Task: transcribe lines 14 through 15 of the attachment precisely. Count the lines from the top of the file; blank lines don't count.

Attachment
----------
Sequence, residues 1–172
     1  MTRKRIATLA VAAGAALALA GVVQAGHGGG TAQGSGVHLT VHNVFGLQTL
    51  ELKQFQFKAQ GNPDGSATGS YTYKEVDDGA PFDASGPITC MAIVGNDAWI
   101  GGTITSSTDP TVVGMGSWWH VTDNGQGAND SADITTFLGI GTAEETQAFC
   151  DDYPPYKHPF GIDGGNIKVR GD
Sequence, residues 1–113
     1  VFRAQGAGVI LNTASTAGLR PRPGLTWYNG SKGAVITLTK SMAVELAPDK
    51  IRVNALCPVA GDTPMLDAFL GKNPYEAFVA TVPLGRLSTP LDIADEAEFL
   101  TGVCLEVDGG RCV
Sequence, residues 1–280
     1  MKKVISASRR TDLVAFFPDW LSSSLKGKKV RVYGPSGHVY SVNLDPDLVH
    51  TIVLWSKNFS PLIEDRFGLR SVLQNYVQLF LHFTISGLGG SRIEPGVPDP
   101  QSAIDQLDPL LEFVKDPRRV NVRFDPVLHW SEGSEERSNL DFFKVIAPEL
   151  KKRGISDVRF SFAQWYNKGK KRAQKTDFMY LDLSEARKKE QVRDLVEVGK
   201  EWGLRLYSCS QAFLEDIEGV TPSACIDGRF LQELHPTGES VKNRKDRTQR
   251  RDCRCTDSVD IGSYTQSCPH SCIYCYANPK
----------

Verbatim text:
   151  KKRGISDVRF SFAQWYNKGK KRAQKTDFMY LDLSEARKKE QVRDLVEVGK
   201  EWGLRLYSCS QAFLEDIEGV TPSACIDGRF LQELHPTGES VKNRKDRTQR